A semiotic analysis of toponymy in classic Sundanese literary texts

Dedi Koswara, Budi Hermawan


This paper investigates classic Sundanese oral literary text Carita Pantun Sanghyang Jagatrasa (CPSJ) and the manuscript of Wawacan Sanghyang Jagatrasa (WSJ) in terms of (1) the transformation of CPJS from oral into written text, (2) the formal structure of CPJS as a narrative poem and the formal structure of WSJ. The investigation employs oral and written literary text approaches based on Propp (1975), and Lord (1976) to examine the texts. The analysis found that (1) structurally CPJS possesses eight formulas, 13 functions, and seven spheres of actions while WSJ possesses six actant models and three functional models, (2) the transformation of CPSJ from oral literary text to a written text lies on the literary conventions, narrative technique, expressions formula, vocabulary, and sentence constructions, (3) the appearance of universal toponymy and anthroponymy in CPSJ and WSJ can semiotically be perceived as a reflection of the existence of classic Sundanese mythology which links human life, animals, and the environment in a harmonious ecology. Semiotically, the transformation is understood as an effort to preserve the moral values contained in CPJS into WSJ relevant to the situation and condition of Sundanese people’s interest.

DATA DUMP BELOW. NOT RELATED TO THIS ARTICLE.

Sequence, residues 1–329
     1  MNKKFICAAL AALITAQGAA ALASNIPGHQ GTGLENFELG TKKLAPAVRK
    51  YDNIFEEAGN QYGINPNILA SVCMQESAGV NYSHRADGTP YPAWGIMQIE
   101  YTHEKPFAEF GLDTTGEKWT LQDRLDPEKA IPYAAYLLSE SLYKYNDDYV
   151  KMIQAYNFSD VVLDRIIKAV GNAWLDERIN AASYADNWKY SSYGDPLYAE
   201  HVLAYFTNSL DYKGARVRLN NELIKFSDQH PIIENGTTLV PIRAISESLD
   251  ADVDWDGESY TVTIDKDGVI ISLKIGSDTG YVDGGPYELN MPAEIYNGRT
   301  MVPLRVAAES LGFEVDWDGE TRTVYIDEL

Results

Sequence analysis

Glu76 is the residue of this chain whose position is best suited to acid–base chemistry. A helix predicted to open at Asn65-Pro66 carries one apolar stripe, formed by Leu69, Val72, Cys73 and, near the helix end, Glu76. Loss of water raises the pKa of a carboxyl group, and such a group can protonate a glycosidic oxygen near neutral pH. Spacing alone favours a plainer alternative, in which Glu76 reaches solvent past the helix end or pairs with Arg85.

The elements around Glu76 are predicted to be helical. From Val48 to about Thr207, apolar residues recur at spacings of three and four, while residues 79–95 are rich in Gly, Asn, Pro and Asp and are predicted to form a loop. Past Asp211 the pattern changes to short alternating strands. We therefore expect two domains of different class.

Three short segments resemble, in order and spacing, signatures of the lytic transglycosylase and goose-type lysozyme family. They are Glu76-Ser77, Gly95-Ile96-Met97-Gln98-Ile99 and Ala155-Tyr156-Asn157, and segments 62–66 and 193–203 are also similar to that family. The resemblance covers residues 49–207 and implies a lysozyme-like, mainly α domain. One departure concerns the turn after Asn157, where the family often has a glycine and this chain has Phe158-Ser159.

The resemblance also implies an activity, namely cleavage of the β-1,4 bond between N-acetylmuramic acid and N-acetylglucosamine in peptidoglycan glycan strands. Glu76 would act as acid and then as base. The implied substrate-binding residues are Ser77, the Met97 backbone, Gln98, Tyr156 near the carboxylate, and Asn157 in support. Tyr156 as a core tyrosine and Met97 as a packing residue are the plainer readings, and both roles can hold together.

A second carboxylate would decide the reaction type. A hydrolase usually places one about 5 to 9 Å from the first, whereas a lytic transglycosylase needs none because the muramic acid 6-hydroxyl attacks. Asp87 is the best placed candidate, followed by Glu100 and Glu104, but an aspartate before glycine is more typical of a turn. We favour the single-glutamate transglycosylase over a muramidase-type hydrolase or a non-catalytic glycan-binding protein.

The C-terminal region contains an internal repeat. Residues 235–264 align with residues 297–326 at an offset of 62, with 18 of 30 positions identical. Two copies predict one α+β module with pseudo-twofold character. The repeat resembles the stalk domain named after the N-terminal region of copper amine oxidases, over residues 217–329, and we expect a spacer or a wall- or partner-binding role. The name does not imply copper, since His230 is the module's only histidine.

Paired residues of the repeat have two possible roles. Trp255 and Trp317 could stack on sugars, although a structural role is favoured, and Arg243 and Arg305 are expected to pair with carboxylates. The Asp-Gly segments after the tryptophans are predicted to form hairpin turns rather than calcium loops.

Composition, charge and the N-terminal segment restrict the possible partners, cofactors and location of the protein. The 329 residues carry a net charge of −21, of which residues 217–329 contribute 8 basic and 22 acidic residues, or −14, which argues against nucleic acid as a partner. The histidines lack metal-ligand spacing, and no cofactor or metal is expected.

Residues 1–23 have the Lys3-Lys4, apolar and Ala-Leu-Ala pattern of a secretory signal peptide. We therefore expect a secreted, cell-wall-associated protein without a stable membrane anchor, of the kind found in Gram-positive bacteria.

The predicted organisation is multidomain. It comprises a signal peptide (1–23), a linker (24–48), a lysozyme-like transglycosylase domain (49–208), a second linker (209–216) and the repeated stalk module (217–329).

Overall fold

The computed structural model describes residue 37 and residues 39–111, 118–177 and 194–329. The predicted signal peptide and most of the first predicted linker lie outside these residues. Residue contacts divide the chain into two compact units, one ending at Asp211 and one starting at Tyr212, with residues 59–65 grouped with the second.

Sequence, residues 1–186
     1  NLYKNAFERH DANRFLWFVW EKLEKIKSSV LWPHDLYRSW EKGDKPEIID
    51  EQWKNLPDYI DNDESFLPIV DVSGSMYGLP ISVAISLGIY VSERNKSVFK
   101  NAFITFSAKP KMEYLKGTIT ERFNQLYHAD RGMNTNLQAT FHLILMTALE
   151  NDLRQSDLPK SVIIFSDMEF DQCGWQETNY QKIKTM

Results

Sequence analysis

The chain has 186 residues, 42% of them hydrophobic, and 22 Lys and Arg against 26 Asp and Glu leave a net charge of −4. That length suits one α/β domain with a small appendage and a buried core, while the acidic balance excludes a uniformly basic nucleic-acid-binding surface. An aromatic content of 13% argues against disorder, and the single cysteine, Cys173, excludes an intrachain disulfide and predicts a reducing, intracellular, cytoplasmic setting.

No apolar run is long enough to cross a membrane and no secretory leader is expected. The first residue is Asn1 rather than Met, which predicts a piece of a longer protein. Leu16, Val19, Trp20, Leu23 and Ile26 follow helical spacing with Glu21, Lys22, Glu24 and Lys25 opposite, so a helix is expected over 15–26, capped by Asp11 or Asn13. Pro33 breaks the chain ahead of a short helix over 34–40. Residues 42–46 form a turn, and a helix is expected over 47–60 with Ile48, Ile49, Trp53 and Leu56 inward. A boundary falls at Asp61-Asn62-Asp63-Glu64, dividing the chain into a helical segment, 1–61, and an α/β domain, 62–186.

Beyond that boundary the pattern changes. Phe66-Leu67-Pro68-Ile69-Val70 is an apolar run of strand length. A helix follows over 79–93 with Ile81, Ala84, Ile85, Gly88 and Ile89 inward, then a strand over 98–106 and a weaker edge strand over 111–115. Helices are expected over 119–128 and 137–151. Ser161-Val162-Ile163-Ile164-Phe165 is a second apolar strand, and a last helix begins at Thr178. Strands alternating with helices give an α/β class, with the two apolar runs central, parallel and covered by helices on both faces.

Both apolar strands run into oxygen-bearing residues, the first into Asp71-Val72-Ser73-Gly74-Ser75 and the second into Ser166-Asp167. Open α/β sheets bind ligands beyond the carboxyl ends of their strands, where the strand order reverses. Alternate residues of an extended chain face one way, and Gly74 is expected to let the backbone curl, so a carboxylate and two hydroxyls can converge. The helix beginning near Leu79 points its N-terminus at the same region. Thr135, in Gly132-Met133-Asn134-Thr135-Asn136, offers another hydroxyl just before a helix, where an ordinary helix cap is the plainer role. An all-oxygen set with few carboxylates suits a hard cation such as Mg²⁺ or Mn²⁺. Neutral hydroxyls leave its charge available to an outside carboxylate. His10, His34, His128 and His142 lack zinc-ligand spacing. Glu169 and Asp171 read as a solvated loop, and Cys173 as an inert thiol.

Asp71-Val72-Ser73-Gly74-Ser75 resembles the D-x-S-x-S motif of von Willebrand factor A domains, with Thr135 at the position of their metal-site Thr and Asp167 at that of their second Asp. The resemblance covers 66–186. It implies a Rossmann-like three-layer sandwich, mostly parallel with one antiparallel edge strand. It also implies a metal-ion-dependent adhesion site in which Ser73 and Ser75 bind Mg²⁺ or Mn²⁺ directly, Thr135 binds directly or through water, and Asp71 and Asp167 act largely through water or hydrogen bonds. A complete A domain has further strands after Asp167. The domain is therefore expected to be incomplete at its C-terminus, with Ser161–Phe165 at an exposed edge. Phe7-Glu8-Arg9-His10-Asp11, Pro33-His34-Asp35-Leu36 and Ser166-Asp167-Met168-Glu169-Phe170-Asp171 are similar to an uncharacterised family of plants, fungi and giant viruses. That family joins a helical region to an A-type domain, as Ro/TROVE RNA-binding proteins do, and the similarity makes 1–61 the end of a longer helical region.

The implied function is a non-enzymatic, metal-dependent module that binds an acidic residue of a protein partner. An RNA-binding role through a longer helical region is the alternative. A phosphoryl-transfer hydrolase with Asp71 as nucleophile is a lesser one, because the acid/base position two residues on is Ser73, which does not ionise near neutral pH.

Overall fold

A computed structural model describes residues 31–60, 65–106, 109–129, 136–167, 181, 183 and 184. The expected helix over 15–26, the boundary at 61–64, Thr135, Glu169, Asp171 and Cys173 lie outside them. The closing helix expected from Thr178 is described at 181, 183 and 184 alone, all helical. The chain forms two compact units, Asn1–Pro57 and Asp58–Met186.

Anthroponymy, carita pantun; toponymy; wawacan

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DOI: https://doi.org/10.17509/ijal.v10i3.31743


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